10. The scroll machine of claim 9 further comprising a framework for supporting the scroll plates and a seal disposed between the framework and the driven scroll plate radially outward of the bearing, such that oil passing through the bearing is thrown radially outward due to centrifugal force and impinges on the seal, thereby improving its sealing effectiveness.
11. The scroll machine of claim 10 further comprising a drive shaft bearing disposed below the seal such that oil impinging on the seal thereafter flows downwardly through the drive shaft bearing and back into the oil reservoir.
This invention generally pertains to a scroll compressor and associated lubrication system, and specifically to a scroll compressor having a discharge passage through the driven scroll plate, with means for separating oil from a compressed fluid and delivering the oil to adjacent bearings.
The conventional design for a scroll compressor usually includes a stationary scroll plate and a driven scroll plate disposed in parallel, facing arrangement, each plate having involute wrap elements attached in intermeshed, fixed angular relationship. The driven plate is caused to move in an orbital path relative to the stationary plate so that pockets of fluid defined by flank surfaces of the wrap elements move between an inlet adjacent the radially outer ends of the wrap elements and an outlet adjacent the axial center of the wrap elements.
The conventional scroll compressor has an outlet opening in the stationary scroll plate through which compressed fluid is discharged, either into an enclosed volume, or directly into a tube leading to an external discharge port. If the scroll compressor is housed within a hermetic shell, the volume enclosed by the shell may be at suction pressure, discharge pressure, or split into two parts, one at suction and the other at discharge pressure. Examples of each configuration are shown in U.S. Pat. Nos. 4,389,171 and 4,365,941, and Japanese Laid Open Patent Application No. 57-70984, respectively. Where the shell is at discharge pressure, suction fluid is delivered to the involute inlet either directly as shown in the '941 patent or via a tube that extends from the scroll plates to a suction port in the shell. If the shell is divided into two parts at different pressures, as disclosed in the above-cited Japanese Laid Open Application, compressed fluid is conveyed via a passage through the stationary scroll plate to the lower part of the shell enclosing the compressor drive shaft; the inlet to the radially outer ends of the involutes is in fluid communication with the upper part of the shell, i.e., with the volume that is at suction pressure.
The manufacturing costs of providing a radial discharge passage within the stationary scroll plate is prohibitive. A lower cost alternative would be to provide a discharge tube extending from a port in the center of the stationary plate over to the periphery of the scroll plates, and through the framework of the compressor to the volume comprising the lower part of the shell. The disadvantage of this approach is that the discharge tube would pass through the volume of fluid which is at suction pressure, resulting in undesirable heat transfer between the hot compressed fluid and the cooler suction gas.
The configuration selected for the scroll compressor can greatly affect the design of its lubrication system. For a scroll compressor enclosed in a shell at suction pressure, oil is usually pumped from a reservoir at the bottom of the shell through a bore in the drive shaft to bearings and other surfaces requiring lubrication. Centrifugal force developed by rotation of the drive shaft carries the oil up the bore to various lateral passages that direct lubricant to the bearings.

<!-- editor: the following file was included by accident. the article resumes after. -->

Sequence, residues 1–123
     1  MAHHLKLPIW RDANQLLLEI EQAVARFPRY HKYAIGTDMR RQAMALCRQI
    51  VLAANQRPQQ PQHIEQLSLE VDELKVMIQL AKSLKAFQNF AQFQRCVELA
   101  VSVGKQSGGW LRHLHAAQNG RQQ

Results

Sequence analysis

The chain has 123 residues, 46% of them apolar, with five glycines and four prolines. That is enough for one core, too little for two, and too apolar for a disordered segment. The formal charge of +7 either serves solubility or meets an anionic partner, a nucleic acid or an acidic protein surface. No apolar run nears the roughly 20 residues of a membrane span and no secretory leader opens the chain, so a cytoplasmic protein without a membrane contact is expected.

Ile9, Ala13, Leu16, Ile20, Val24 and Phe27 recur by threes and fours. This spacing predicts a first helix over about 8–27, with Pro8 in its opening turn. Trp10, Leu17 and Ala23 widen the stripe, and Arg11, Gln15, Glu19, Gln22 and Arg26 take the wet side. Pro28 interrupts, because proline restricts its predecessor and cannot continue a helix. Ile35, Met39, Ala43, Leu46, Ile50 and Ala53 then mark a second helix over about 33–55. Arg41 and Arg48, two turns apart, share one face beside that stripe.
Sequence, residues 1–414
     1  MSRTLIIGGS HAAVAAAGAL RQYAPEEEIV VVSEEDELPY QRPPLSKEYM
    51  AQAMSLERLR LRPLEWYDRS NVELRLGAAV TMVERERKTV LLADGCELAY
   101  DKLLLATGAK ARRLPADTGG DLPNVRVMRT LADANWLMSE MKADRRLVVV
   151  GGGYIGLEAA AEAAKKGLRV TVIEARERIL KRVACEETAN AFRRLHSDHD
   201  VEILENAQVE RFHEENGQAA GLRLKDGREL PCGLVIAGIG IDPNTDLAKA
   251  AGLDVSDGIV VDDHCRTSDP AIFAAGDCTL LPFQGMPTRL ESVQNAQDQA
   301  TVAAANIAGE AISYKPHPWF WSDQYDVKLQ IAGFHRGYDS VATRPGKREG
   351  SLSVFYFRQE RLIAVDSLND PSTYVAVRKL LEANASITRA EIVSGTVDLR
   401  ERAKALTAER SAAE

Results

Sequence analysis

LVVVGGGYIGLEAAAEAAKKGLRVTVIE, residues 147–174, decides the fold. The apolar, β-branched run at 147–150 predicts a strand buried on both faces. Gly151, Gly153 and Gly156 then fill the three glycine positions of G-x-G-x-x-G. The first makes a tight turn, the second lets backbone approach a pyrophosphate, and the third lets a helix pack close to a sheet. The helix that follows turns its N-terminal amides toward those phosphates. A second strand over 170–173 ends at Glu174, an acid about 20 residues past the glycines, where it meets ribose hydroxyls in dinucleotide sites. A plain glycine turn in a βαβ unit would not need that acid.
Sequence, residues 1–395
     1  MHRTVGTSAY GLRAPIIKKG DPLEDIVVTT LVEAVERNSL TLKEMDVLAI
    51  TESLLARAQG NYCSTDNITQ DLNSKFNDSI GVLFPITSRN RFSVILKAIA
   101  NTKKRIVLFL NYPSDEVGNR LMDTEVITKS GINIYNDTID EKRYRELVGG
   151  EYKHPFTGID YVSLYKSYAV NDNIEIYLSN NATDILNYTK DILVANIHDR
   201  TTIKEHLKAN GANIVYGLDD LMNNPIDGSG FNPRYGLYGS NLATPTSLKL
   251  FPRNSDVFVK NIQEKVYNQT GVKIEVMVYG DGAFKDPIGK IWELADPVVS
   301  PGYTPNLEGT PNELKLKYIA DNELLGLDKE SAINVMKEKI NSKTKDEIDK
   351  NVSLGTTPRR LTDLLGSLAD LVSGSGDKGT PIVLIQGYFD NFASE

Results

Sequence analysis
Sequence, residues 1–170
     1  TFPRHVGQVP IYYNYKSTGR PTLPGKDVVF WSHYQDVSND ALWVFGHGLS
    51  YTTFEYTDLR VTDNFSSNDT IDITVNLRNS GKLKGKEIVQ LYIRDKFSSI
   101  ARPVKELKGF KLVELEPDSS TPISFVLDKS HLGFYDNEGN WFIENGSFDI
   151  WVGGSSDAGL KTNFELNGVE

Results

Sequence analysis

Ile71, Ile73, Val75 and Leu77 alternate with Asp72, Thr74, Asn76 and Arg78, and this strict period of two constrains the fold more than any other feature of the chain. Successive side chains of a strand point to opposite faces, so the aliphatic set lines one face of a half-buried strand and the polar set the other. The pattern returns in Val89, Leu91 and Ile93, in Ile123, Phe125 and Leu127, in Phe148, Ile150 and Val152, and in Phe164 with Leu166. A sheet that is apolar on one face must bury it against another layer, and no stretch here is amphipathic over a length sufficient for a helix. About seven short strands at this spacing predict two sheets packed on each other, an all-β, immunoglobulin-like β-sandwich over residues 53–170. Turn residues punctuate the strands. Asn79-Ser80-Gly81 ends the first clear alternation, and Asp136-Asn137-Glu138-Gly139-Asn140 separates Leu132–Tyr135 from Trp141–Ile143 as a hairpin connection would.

In a "high side compressor", the oil reservoir is exposed to discharge pressure. This pressure may be used to force oil through a small diameter delivery tube up to the involute inlet. At this point, the oil mixes with the fluid being compressed and is carried through the compression cycle. The oil improves the seal along the flanks and the tip surfaces of the involute wrap elements and reduces friction. However, oil must be separated from the compressed fluid before it is discharged from the compressor shell. Once separated, the oil should be used to lubricate other parts of the compressor before being allowed to flow back into the reservoir.
In consideration of the foregoing, it is an object of this invention to provide a split shell scroll compressor with both high efficiency and relatively low production costs.
It is a further object to minimize heat transfer between compressed fluid discharged from the scroll plates and suction fluid entering the compression cycle.
A still further object is to discharge compressed fluid directly through the orbiting scroll plate.
Yet a further object is to supply oil to the involutes to improve their sealing action and to reduce friction.
Moreover, it is an object of this invention to separate entrained oil from the compressed fluid as it is discharged from the scroll plates, and to cause the oil to lubricate adjacent bearing surfaces.
These and other objects of the invention will be apparent by reference to the attached drawings and to the description of the preferred embodiment that follows hereinbelow.
The subject invention is a scroll machine for compressing a fluid. It includes two scroll plates with intermeshed involute wrap elements defining pockets in which the fluid is compressed as the plates orbit relative to each other. One of the plates is driven in an orbital path by driving means that include a drive shaft rotatably connected to the driven plate at a point that is eccentrically disposed relative to the longitudinal axis of the drive shaft. The driving means are sealingly enclosed in a shell. A passage through the driven scroll plate, disposed adjacent the axial center of its involute wrap element, is in fluid communication with the volume enclosed by the shell. Fluid compressed by the orbital motion of the plates is discharged into the enclosed volume through this passage.